Warner objected to the presentence report's recommendation to apply § 2K2.1(b)(6)(B), arguing that the “enhancement is inapplicable for two distinct reasons; first, because [he] neither ‘used’ nor ‘possessed’ the firearm, and second, because there was no ‘connection with another felony offense.’ ”
The government filed a response entitled “Objections to the Presentence Report,” in which it noted that it had agreed with Warner in his plea agreement that § 2K2.1(b)(6)(B) did not apply and requested that the district court therefore not apply the enhancement. In the same filing, however, the government proceeded to state that it had revised its position regarding when certain types of North Carolina felony offenses count as felonies for federal sentencing purposes, and it clearly indicated that, under its new position, the enhancement would properly apply to Warner. It stated:
The probation office correctly notes in paragraph 19 of the Presentence Investigation Report that in the course of the crime of conviction a firearm was possessed in connection with another offense, that being breaking and entering multiple motor vehicles in violation of North Carolina General Statute 14–56, a class I felony. However, at the time that the plea agreement was made, the Government's position on how to treat a North Carolina class I offense for purposes of United States v. Simmons, 649 F.3d 237 (4th Cir.2011), resulted in a finding that 14–56 was not a felony for federal purposes because it was not a crime punishable by imprisonment in excess of a year as applied to this Defendant and his criminal history. The Government's approach to Simmons analysis at the time the plea agreement was made treated a North Carolina class I offense committed on or after December 1, 2011 as a felony punishable by imprisonment in excess of a year, only where the defendant was a North Carolina criminal history category V or higher. On June 5, 2013, the date of the offense conduct, Warner was a North Carolina criminal history category II. Thus, Warner's criminal history was not sufficient to pass Simmons analysis as applied at the time of the plea agreement and his conduct was not considered “another felony offense” for purposes of 2K2.1.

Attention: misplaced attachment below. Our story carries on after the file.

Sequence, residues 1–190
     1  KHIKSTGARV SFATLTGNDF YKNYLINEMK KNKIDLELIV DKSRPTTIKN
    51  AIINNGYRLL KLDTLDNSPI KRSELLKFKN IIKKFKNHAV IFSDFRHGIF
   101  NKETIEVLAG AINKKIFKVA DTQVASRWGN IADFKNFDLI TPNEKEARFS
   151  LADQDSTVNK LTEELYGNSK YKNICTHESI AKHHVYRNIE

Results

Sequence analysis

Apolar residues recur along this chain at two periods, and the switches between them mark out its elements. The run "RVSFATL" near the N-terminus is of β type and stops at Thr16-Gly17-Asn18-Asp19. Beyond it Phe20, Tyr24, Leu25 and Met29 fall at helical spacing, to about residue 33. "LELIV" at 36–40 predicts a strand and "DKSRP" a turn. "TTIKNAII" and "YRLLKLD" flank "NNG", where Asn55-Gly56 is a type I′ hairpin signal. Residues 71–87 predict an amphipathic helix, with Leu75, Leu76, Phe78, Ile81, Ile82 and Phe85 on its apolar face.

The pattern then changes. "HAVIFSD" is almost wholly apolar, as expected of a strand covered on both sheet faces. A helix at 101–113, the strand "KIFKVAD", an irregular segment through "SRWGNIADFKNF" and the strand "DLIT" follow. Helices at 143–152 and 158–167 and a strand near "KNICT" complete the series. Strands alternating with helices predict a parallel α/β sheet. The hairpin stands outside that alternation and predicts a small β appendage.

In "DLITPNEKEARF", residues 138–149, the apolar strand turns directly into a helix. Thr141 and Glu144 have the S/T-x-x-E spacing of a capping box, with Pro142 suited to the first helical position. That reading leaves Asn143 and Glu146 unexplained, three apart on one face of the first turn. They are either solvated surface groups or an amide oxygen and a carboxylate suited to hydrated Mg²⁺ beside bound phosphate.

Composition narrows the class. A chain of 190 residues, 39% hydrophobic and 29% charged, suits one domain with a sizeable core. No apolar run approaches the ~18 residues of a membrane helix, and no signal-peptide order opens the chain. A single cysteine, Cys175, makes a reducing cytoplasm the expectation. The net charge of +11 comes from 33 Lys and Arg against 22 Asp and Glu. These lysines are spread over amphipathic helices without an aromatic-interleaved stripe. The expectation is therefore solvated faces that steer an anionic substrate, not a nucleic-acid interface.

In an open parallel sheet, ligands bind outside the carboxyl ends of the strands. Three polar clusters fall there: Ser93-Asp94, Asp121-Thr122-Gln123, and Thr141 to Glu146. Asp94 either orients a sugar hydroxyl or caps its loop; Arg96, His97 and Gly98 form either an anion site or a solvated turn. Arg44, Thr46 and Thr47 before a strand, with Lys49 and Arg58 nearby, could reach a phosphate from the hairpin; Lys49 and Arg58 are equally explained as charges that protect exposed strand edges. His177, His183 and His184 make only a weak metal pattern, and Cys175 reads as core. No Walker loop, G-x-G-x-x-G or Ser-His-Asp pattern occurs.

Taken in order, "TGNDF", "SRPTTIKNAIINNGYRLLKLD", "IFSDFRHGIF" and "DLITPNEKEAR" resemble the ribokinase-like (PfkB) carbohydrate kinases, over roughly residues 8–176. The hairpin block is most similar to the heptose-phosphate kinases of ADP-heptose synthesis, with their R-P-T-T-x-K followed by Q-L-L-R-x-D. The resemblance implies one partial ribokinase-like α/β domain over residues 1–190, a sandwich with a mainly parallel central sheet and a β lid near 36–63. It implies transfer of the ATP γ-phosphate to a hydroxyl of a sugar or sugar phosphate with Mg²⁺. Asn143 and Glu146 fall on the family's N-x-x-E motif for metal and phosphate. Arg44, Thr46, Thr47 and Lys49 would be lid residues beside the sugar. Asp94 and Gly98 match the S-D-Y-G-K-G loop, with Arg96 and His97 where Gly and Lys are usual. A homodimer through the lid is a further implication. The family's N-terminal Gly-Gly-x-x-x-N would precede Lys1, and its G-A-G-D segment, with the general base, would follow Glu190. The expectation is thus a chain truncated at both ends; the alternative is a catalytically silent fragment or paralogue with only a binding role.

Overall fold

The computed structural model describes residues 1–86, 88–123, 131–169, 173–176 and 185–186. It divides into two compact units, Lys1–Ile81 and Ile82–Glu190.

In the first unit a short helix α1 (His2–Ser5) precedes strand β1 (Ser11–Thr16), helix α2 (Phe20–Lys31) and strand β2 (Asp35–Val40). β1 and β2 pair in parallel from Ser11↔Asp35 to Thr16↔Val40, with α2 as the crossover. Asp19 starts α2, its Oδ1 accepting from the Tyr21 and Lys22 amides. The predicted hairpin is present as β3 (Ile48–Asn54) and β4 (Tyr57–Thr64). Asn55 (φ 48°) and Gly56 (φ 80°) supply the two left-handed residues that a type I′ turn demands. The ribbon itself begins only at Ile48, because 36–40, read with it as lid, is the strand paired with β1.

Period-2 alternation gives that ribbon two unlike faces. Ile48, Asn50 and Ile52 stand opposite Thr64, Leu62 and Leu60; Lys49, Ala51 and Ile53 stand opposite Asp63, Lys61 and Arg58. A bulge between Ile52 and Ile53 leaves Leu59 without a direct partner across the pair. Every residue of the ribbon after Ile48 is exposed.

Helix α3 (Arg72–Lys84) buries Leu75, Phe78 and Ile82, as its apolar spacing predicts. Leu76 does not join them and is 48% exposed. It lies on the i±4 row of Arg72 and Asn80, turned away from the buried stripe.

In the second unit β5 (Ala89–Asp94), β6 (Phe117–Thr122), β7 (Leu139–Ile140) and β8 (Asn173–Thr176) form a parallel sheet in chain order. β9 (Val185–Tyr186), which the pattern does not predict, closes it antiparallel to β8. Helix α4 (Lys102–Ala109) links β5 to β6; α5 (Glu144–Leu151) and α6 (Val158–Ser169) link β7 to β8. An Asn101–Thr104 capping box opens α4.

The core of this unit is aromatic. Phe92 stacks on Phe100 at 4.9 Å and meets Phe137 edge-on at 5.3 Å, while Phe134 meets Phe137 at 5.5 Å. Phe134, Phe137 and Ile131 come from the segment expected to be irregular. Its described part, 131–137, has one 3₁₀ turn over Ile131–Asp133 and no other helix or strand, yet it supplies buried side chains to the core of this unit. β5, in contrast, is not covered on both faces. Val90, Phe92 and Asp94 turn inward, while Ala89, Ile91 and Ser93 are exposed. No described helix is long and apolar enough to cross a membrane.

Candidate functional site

On December 1, 2011 the North Carolina Justice Reinvestment Act increased North Carolina state penalties such that all felonies could be punishable by a term of imprisonment exceeding one year. Despite these December 1, 2011 changes, concerned that the changes may not satisfy the Appellate Courts, the Government maintained the conservative position that the changes were not a cure to the Simmons issue. As of August 4, 2014, the Government has taken the new position, in light of United States v. Valdovinos, 760 F.3d 322, 2014 WL 3686104 (4th Cir. July 25, 2014), that the December 2011 North Carolina Justice Reinvestment Act cured any infirmity in the class H and I North Carolina state felonies such that these offenses are felonies for federal purposes regardless of the criminal history category of the offender.
(Emphasis of “felony” or “felonies” in original; other emphasis added). The government explained, however, that “[b]ecause [it] made its agreement with Warner prior to this new official position on Simmons, [it][was] not seek [ing] the 2K2.1(b)(6)(B) enhancement.” Instead, it “respectfully ask[ed] that the Court honor the agreement of the parties.”
Arguing that the government's statement to the court breached the plea agreement, Warner filed a motion for specific performance of the agreement, requesting that the district court (1) declare the government to be in breach of the plea agreement; (2) strike the government's objection from the docket; (3) direct the government to file a new objection agreeing with defense counsel's arguments as to why the enhancement was inapplicable; and (4) transfer Warner's case to a different district judge for sentencing. Warner explained that the parties' agreement that the enhancement does not apply “was based on the facts of the case, not on any kind of legal issue involving Simmons or Valdovinos.”
At the sentencing hearing, the district court denied Warner's motion for specific performance, concluding that the government had “complied with the conditions of the plea agreement.” The court thereupon concluded that the enhancement was applicable and therefore that Warner's advisory Guidelines range was 51 to 63 months' imprisonment. After hearing from Warner and his family, the court imposed a downward-variance sentence of 48 months' imprisonment.